IPP Mail Archive: Re: IPP> Re: Implications of introducing new scheme and port

IPP Mail Archive: Re: IPP> Re: Implications of introducing new scheme and port

Re: IPP> Re: Implications of introducing new scheme and port

Robert Herriot (robert.herriot@Eng.Sun.COM)
Fri, 05 Jun 1998 12:05:36 -0700

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Larry,

I get the same understanding as Don from your email. I understand you to say
that a client translates ipp://foo/killtree to http://foo:380/killtree and
sends the operation to the url http://foo:380/killtree. The wire, the
proxies and the destination printer/print-server (at http level) see only
http://foo:380/killtree. The printer-uri IPP attribute is
ipp://foo/killtree, but the request line is "POST /killtree HTTP/1.1"

Bob Herriot

At 09:31 AM 6/5/98 , don@lexmark.com wrote:
>My understanding is that internal to the client and the server, a magic
>transformation happens that turns ipp://xyz.printer.com/printer1 into
>http://xyz.printer.com:380/printer1. The "wire" would never see anything
>but http URLs so the infrastruture would be unaffected. When a client or a
>server pulled an IPP URL from inside application/ipp, it would also
>translate it into the HTTP format.
>
>In summary:
>
> WIRE -- only sees HTTP stuff
> Humans - see only IPP stuff (i.e. my business card says to print to me
>at ipp://www.lexmark.com/donsprinter)
> Clients and Servers -- provide the "magic" to convert back and forth.
>
>Am I right, Larry? Interesting idea!!
>
>**********************************************
>* Don Wright don@lexmark.com *
>* Product Manager, Strategic Alliances *
>* Lexmark International *
>* 740 New Circle Rd *
>* Lexington, Ky 40550 *
>* 606-232-4808 (phone) 606-232-6740 (fax) *
>**********************************************
>
>
>
>
>Jay Martin <jkm%underscore.com@interlock.lexmark.com>
>06/05/98 11:27 AM
>
>
>To: Carl-Uno Manros <carl%manros.com@interlock.lexmark.com>
>cc: ipp%pwg.org@interlock.lexmark.com (bcc: Don Wright)
>bcc: Don Wright
>Subject: Re: IPP> Re: Implications of introducing new scheme and port
> for existing HTTP servers
>
>
>
>
>I interpreted Larry Masinter's proposal as being one in which
>clients and servers would talk in terms of ipp://host/printer,
>but in practice map this (internally) to http://host:nnn/printer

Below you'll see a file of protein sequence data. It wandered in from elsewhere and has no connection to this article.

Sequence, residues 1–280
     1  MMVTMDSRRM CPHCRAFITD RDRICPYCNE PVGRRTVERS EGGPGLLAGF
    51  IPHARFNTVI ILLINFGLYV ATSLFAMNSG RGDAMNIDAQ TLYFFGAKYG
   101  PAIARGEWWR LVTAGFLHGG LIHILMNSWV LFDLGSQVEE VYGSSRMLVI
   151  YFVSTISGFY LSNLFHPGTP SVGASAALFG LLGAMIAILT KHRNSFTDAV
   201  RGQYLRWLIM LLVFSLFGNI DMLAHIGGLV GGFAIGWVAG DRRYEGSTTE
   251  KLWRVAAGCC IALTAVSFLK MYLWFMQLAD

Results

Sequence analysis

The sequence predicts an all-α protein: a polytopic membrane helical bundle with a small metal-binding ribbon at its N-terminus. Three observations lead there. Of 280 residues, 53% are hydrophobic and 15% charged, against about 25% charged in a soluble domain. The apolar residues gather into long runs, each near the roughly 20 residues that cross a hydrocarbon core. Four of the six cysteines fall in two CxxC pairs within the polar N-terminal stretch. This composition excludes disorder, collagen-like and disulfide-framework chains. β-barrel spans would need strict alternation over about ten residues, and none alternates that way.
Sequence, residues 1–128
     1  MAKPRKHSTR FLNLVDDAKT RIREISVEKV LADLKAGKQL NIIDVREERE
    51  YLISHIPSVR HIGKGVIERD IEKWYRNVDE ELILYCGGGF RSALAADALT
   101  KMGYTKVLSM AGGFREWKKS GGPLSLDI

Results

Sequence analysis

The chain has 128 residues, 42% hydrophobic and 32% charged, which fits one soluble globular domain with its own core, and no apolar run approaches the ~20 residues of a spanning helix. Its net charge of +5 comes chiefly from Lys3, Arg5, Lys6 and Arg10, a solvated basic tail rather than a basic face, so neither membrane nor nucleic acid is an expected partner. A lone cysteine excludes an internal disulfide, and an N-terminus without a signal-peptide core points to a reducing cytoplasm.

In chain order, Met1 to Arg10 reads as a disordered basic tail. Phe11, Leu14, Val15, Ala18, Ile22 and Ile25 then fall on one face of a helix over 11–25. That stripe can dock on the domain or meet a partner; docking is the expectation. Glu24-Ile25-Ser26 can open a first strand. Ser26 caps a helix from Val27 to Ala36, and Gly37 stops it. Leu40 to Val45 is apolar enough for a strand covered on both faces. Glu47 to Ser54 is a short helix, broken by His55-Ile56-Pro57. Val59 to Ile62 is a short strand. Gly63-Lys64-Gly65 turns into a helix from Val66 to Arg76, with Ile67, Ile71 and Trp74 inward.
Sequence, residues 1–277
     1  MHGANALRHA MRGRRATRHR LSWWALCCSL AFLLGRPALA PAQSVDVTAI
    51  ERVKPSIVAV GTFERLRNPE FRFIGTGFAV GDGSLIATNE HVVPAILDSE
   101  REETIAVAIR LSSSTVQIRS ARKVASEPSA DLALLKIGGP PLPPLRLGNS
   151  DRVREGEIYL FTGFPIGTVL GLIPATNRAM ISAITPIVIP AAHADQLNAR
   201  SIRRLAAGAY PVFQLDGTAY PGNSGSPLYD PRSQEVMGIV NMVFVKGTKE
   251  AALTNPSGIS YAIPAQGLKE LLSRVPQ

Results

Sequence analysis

>when conducting the actual wire protocol.
>
>If, on the other hand, he is actually suggesting a new kind
>of aliasing mechanism (as you've pointed out below), then I,
>too, have some doubts as to whether firewalls, proxies and
>web servers would handle that; or, more importantly, whether
>the vendors would *want* to address that capability in their
>products.
>
>Also, I don't think Keith was suggesting that IPP not use HTTP,
>although I may have misinterpreted his statements.
>
> ...jay
>
>----------------------------------------------------------------------
>-- JK Martin | Email: jkm@underscore.com --
>-- Underscore, Inc. | Voice: (603) 889-7000 --
>-- 41C Sagamore Park Road | Fax: (603) 889-2699 --
>-- Hudson, NH 03051-4915 | Web: http://www.underscore.com --
>----------------------------------------------------------------------
>
>
>Carl-Uno Manros wrote:
>>
>> All,
>>
>> I would like your reaction to Larry's proposal. It sounds almost too easy
>to
>> be true. Can existing http servers and other components, such as
>firewalls
>> and proxy servers, handle the kind of aliazing that Larry talks about
>> without substantial modification? Is this simpler than to introduce a
>PRINT
>> method?
>> Is this really what Keith had in mind when he suggested a new scheme and
>a
>> new port?
>>
>> I will tune out for the next few days to go to Canada and watch Sumo
>> wrestling - keep up your own wrestling on the DL while I am away :-)
>>
>> Carl-Uno
>>
>> >---
>> >
>> >> This might be a brilliant idea - if I could only understand what it is
>that
>> >> you suggest. It seems to me that you are suggesting to introduce
>"ipp", as
>> >> a synonym for "http", which you map in both the server and the client?
>> >
>> >I'm suggesting introducing "ipp" as a synonym for "http with a different